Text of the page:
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The Night Watchmen

The telescopes of Detachment 1 of the 21st Space Wing, sits in the northwest corner of the U.S. Army's White Sands Missile Range, New Mexico, detecting, tracking and cataloguing tens of thousands of objects in orbit to ensure the safety of U.S. and allied space assets.

Fort Meade, MD --

With civilization in the rear view mirror, the long road leading to a relatively unknown compound appears to never end. The seemingly infinite landscape, nearly untouched by human hands, is all that fills the eye.

The setting sun and emergence of the night sky signals the beginning of a mission for a select group of Airmen.

Standing just shy of 4-feet tall, the telescopes, assigned to Detachment 1 of the 21st Space Wing, sit in the northwest corner of the U.S. Army’s White Sands Missile Range, New Mexico, detecting, tracking and cataloguing tens of thousands of objects in orbit within their area of coverage.

The only lights illuminating the sky are the stars and the Milky Way.

Throughout the night, Det. 1 collects positional and photometric data on satellites and space objects orbiting the earth and provides this information to the 18th Space Control Squadron and Joint Space Operations Center at Vandenberg Air Force Base, California, said Maj. Erin Salinas, Det. 1 commander.

With everyday life and the Air Force mission becoming more dependent on satellites, identifying and tracking objects that could harm them has become a priority. These objects include everything from dead satellites and expended upper-stage rocket bodies, to debris the size of a softball, as well as the 1300 other active satellites with a range of roles, including GPS and communications.

“We have to know where things are in space in order to know what is going on around us,” Salinas said. “Our data helps maintain the advantages space is providing us, in not just our everyday life as civilians, but with our military capabilities as well.”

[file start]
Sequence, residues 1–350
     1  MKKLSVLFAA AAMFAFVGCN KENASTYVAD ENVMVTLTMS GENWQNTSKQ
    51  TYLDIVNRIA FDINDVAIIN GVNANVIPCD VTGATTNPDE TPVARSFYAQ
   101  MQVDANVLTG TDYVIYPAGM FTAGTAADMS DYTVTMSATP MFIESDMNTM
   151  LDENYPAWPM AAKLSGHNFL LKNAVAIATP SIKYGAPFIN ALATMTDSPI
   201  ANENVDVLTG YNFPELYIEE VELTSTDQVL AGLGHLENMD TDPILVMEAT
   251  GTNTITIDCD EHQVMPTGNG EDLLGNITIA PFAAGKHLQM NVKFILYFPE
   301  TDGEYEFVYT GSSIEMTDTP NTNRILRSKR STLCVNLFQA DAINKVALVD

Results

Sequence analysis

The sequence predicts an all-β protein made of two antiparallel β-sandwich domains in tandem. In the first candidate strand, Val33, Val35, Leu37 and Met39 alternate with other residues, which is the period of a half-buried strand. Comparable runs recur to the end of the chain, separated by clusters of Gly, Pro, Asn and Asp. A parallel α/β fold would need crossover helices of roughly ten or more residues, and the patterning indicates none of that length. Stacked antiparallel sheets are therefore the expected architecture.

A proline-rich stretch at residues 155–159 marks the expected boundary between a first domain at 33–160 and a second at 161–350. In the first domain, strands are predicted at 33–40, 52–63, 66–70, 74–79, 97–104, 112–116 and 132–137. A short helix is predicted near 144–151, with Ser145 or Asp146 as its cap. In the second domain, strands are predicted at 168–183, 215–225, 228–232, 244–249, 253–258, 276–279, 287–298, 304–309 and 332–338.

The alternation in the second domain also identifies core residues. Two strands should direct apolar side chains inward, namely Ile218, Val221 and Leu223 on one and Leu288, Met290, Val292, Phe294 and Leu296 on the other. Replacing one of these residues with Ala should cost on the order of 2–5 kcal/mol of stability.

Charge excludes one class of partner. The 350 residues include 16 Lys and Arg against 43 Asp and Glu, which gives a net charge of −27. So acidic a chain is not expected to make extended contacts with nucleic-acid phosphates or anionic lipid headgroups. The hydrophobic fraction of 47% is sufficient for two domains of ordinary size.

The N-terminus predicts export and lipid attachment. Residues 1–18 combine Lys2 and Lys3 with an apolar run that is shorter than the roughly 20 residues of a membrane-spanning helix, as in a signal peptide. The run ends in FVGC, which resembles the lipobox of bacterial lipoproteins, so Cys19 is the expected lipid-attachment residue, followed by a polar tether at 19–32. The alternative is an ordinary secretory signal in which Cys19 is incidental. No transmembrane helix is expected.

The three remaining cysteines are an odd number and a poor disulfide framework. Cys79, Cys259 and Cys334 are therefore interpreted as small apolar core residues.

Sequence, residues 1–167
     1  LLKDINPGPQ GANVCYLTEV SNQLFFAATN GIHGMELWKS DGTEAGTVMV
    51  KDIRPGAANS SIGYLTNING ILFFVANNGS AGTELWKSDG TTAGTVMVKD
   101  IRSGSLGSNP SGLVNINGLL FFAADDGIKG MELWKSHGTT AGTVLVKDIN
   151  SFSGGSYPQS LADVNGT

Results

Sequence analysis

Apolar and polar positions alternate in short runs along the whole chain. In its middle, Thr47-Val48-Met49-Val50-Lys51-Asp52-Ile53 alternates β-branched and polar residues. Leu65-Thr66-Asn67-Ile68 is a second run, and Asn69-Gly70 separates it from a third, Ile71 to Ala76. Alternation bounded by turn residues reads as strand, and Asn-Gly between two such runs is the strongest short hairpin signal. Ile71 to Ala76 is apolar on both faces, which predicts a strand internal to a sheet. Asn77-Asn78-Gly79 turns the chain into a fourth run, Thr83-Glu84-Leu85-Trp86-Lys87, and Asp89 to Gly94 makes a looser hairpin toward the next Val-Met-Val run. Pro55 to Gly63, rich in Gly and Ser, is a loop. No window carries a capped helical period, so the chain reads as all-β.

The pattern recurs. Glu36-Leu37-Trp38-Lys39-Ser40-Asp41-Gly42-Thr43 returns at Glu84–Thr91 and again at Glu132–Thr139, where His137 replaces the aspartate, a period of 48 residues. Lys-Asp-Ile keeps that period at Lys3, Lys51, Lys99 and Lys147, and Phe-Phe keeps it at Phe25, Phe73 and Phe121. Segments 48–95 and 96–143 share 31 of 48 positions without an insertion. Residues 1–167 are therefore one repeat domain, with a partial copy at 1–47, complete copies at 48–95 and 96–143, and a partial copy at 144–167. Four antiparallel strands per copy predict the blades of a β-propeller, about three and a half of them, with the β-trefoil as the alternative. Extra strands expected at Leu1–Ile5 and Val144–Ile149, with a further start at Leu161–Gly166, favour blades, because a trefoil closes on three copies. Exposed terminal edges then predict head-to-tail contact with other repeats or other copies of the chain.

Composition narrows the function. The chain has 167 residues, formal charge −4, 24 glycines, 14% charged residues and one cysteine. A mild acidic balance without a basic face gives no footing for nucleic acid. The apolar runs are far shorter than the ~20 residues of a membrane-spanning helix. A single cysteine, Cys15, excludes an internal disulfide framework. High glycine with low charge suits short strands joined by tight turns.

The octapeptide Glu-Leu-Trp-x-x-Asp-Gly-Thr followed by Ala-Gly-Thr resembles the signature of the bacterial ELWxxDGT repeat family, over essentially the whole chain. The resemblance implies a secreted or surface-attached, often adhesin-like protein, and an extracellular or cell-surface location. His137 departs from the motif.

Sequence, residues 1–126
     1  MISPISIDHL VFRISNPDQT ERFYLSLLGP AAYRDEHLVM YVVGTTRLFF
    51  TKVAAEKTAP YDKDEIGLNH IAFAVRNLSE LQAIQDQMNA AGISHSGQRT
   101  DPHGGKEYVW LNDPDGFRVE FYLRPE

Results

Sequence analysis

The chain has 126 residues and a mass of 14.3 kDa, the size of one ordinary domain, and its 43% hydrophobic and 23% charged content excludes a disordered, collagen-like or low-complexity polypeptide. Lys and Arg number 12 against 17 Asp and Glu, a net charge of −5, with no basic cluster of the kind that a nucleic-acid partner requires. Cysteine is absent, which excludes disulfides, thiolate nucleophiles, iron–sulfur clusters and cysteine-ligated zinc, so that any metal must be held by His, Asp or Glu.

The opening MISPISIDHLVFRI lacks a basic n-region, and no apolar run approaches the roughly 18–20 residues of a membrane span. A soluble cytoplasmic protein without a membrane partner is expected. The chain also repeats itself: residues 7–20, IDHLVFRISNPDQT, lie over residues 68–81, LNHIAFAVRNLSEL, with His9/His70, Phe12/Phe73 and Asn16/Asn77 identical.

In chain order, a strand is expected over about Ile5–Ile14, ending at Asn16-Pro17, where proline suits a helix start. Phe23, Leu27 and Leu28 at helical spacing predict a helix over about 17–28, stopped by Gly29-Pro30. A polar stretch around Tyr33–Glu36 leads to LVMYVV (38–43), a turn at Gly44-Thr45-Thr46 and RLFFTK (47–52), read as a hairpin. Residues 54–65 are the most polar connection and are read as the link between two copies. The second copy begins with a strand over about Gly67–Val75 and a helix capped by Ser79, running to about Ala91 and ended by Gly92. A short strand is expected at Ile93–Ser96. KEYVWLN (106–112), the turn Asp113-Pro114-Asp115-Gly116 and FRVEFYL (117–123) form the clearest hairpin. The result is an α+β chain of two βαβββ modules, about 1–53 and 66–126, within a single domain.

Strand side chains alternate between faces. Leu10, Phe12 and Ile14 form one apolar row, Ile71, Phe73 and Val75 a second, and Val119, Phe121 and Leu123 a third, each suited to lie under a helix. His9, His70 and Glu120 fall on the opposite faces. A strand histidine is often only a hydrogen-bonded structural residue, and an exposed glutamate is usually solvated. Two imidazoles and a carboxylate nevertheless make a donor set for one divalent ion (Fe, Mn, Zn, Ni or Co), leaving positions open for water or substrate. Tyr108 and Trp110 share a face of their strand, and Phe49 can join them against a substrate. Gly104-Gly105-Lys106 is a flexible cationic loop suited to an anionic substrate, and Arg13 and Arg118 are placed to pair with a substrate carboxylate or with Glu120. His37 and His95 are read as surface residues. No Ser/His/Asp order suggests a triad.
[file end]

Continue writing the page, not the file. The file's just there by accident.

Located around the globe, the Air Force has three Ground-based Electro-Optical Deep-Space Surveillance sites. Working together, these telescopes provide situational awareness of items in space, ranging from 3,000-22,000 miles away. In addition to Det. 1, the two other sites are located in Diego Garcia, British Indian Ocean Territory, and Maui, Hawaii.

The GEODSS sites perform their mission using three powerful, 1.2-meter telescopes, including low light level, electro-optical cameras and high speed computers. Because the sites use optical sensors, mission operations are limited to low-light pollution skies and the isolated high desert of central New Mexico provides an ideal location for Det. 1’s operations.

“New Mexico has a history of having a great environment to view the stars,” Salinas said. “Since we are a photometric telescope, meaning that we are a telescope looking at light coming off of objects, we definitely want to be somewhere where there is not a lot of light pollution, which helps us accurately detect objects in space.”

Space is a battlefield just like other domains, according to Salinas. With more countries operating in space every day, military leaders require the most current information on detected objects in order to make decisions that shape actions. As defense, space operators often have the ability to fly the satellites away from threats.

“It’s important for us to understand what is going on in this domain because you can’t make a great decision unless you know what is happening,” Salinas said. “We can detect if something changes, and we can ensure we protect our own satellites and those of our allies. We can adequately defend our satellites if necessary because our leaders will make decisions on adversarial movements in space.”

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